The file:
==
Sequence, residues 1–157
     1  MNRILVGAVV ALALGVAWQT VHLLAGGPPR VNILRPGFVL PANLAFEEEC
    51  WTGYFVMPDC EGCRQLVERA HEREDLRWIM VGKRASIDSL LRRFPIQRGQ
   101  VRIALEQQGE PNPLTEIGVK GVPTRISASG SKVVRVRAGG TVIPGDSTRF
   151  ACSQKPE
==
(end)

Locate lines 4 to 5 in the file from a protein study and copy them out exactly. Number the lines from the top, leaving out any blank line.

   101  VRIALEQQGE PNPLTEIGVK GVPTRISASG SKVVRVRAGG TVIPGDSTRF
   151  ACSQKPE